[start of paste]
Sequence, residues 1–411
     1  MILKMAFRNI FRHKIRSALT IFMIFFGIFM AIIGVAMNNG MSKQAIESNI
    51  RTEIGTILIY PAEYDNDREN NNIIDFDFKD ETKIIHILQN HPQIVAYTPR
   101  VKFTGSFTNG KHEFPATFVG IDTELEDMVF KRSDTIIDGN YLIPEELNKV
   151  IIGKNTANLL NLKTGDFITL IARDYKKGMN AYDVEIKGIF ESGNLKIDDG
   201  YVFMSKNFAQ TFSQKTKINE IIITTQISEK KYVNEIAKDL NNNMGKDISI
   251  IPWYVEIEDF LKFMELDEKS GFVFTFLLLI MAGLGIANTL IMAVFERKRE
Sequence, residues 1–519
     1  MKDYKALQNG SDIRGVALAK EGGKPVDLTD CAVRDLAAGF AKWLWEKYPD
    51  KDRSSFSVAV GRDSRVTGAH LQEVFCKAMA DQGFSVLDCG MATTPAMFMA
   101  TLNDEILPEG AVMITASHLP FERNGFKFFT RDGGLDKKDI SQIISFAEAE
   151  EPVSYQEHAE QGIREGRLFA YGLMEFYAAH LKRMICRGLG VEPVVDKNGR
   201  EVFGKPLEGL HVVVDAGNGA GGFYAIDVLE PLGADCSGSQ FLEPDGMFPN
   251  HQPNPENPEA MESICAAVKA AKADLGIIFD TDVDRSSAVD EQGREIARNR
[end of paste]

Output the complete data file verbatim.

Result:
Sequence, residues 1–411
     1  MILKMAFRNI FRHKIRSALT IFMIFFGIFM AIIGVAMNNG MSKQAIESNI
    51  RTEIGTILIY PAEYDNDREN NNIIDFDFKD ETKIIHILQN HPQIVAYTPR
   101  VKFTGSFTNG KHEFPATFVG IDTELEDMVF KRSDTIIDGN YLIPEELNKV
   151  IIGKNTANLL NLKTGDFITL IARDYKKGMN AYDVEIKGIF ESGNLKIDDG
   201  YVFMSKNFAQ TFSQKTKINE IIITTQISEK KYVNEIAKDL NNNMGKDISI
   251  IPWYVEIEDF LKFMELDEKS GFVFTFLLLI MAGLGIANTL IMAVFERKRE
Sequence, residues 1–519
     1  MKDYKALQNG SDIRGVALAK EGGKPVDLTD CAVRDLAAGF AKWLWEKYPD
    51  KDRSSFSVAV GRDSRVTGAH LQEVFCKAMA DQGFSVLDCG MATTPAMFMA
   101  TLNDEILPEG AVMITASHLP FERNGFKFFT RDGGLDKKDI SQIISFAEAE
   151  EPVSYQEHAE QGIREGRLFA YGLMEFYAAH LKRMICRGLG VEPVVDKNGR
   201  EVFGKPLEGL HVVVDAGNGA GGFYAIDVLE PLGADCSGSQ FLEPDGMFPN
   251  HQPNPENPEA MESICAAVKA AKADLGIIFD TDVDRSSAVD EQGREIARNR